Don Tapscott tells us that the children of the baby boom are the first to be bathed in bits. Their time online hasn’t taken away from doing their homework or learning the piano – it’s taken time away from television. “There is no more powerful force to change society than a generation of digital natives.” Digital Natives just elected their first president – this isn’t Don’s point of view – Obama says this is true as well.
He tells us that he watched his kids in the early 1990s and marvelled at their effortlessness with new technology. He initially thought that his kids were prodigies, and then discovered that all their friends were equally fluent. They were effortless because they’d grown up digital.
His kids weren’t very sympathetic to his attempts to explain new technology to a public audience in Canada. He was invited to spend an hour on national TV, surfing the web. His son refused to watch the show – when they talked about it later, his son said, “That’s about as interesting as watching you change channels on the TV.” His daughter pitched in, pointing out that the refrigerator is also a technology – “We could watch Dad surfing the fridge – here’s some content: it’s meatloaf!”
Some years later, Tapscott published a book called “Wikinomics”. His son read the book and liked it, and offered to build a Facebook group for his father. Within a day, the community had 130 members in 7 countries, and had a set of organizational officers. Before they sat down to Christmas dinner, the members were engaged in distributed editing, and were asking Don how he was going to contribute to “their” community. Kids have a platform no one has ever had before – it’s never been possible to organize the world in quite this way.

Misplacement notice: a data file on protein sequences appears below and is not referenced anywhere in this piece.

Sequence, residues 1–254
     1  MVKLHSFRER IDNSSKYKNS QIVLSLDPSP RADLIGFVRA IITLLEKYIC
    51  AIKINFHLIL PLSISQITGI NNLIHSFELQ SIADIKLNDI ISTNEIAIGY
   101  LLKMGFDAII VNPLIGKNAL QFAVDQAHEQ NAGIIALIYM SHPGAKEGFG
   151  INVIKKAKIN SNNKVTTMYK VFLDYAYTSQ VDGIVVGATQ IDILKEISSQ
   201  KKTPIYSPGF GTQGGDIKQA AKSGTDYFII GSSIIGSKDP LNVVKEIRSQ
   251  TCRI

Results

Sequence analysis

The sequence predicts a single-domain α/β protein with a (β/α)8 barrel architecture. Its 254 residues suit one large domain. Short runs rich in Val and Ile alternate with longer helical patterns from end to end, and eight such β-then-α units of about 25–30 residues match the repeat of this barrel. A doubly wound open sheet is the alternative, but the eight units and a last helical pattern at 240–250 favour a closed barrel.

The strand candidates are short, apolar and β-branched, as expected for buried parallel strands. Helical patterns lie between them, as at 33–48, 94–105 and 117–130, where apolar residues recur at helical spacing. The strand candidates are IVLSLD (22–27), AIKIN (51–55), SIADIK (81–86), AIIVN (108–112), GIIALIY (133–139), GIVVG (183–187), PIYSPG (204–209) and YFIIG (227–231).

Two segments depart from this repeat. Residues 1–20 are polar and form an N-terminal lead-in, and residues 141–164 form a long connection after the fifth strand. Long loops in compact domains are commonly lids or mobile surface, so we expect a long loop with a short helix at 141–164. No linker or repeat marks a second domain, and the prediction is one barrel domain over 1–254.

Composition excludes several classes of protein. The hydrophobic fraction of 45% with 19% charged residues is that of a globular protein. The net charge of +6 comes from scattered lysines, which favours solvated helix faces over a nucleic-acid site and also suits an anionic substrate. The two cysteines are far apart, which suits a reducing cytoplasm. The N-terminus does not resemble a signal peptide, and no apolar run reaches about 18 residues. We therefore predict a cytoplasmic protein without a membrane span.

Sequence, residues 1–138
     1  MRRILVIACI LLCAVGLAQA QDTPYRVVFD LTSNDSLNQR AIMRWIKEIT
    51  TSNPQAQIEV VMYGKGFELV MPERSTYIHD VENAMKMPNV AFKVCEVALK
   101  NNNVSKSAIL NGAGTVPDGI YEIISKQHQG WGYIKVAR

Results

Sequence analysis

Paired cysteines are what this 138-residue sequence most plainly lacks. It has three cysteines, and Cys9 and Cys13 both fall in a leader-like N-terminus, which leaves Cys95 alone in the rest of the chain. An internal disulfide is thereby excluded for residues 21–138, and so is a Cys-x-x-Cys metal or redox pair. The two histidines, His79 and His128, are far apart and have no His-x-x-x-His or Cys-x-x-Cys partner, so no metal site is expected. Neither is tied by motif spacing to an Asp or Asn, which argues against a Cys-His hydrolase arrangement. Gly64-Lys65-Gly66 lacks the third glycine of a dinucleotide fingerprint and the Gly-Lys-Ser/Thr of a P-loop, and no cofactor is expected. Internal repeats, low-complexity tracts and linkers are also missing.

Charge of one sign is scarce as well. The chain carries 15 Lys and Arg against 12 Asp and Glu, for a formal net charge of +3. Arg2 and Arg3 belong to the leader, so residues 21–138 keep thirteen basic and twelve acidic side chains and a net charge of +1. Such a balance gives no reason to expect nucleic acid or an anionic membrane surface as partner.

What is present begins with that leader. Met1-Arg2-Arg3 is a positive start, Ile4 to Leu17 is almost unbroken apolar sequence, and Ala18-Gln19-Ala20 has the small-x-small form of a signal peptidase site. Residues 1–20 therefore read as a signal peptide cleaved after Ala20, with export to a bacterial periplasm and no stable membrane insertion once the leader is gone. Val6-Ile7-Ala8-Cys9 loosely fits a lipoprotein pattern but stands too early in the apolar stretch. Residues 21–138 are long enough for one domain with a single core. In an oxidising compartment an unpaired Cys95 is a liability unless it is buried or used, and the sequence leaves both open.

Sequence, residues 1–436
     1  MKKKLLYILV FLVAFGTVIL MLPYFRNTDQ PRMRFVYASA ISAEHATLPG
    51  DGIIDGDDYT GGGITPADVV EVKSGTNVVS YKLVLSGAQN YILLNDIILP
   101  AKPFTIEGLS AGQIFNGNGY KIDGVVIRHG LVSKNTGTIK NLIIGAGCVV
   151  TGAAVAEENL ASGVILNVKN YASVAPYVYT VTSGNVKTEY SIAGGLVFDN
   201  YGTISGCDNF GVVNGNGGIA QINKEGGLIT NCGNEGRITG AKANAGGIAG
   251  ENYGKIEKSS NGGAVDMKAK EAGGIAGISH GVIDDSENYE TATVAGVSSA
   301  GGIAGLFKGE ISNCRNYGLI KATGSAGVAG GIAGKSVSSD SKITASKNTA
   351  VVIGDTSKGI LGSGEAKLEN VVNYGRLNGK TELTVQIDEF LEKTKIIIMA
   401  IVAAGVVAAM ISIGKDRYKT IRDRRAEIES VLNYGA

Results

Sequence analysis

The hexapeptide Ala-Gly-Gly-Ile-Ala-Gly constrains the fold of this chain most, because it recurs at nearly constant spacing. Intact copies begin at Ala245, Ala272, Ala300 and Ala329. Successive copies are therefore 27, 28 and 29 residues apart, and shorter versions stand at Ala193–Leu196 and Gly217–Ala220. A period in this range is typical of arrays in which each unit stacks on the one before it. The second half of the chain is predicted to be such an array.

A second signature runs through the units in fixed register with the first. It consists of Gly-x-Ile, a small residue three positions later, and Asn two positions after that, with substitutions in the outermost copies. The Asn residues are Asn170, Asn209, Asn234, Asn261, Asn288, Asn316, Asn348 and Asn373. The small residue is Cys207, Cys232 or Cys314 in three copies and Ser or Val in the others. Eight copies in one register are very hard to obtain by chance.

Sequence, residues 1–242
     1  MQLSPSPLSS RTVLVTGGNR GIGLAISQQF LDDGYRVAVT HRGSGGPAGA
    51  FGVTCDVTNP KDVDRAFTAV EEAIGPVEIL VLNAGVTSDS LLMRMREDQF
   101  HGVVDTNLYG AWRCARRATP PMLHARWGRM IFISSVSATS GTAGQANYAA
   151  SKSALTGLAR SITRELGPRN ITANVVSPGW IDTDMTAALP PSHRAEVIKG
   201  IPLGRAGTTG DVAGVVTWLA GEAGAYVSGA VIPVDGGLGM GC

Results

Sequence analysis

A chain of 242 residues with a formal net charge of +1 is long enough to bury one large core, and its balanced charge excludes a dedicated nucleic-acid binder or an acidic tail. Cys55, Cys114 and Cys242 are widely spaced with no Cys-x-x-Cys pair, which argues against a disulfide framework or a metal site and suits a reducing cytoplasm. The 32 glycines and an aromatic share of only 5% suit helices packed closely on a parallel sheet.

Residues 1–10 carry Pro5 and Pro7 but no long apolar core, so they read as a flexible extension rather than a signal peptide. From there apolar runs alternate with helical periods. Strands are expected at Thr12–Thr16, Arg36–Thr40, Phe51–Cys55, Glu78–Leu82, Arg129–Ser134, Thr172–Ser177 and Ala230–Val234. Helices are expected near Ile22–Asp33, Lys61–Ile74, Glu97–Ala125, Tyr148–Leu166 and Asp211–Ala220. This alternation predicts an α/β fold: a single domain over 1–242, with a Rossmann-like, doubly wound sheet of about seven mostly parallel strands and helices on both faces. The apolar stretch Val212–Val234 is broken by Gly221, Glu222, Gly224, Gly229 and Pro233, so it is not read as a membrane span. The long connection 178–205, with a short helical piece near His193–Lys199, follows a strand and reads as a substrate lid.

He closes with a story about a remarkable student he met when advising Florida State University. He told university officials that the old model of students as empty vessels, and universities as pouring in knowledge was broken for the current generation.
A student, Joe O’Shea, reacted to this presentation, saying that it resonated, and confessing, “I don’t read books.” He explained, “I think I know what’s in books, but I get my information from the web, and I’ve got really good BS detectors. If I need to read in a book, I have Google Books.” Using that site, he approaches books like a website. The dean of the film school reacted, saying, “I don’t know if that’s really exciting or the end of modern society.”
Tapscott offered O’Shea a ride home on his chartered plane and the two chatted. Turns out that O’Shea runs a 4.0 GPA, is president of the student council, set up a medical clinic in the 9th ward of New Orleans that serves 9000 people a year, and is founding a group called the Global Peace Exchange, which is building a global summit of world leaders. His family has been going through tough times – both parents died recently – and to keep his siblings together, Joe is running a guild on World of Warcraft, so he and his siblings can bond while slaying dragons. Next year, he’s going to Oxford on a Rhodes scholarship. “This Rhodes scholar from Northeast Florida doesn’t read books.”
We might conclude this is a problem, or we might embrace this. “If you spend 24 hours a week being a passive participant, consuming tv – as Baby Boomers did – you get a certain sort of brain.” If you spend those hours searching, researching and building connections, you get a very different brain.
Tapscott wants to refute the idea that the internet is making kids dumb. There’s no data to support this, he tells us. Instead, we’re seeing radical societal change, especially around the structure of the family. Kids and parents get along as friends, and sometimes they move back in after graduation. He wonders, “is this the first time in history that we can learn from young people and their new culture of work and learning?”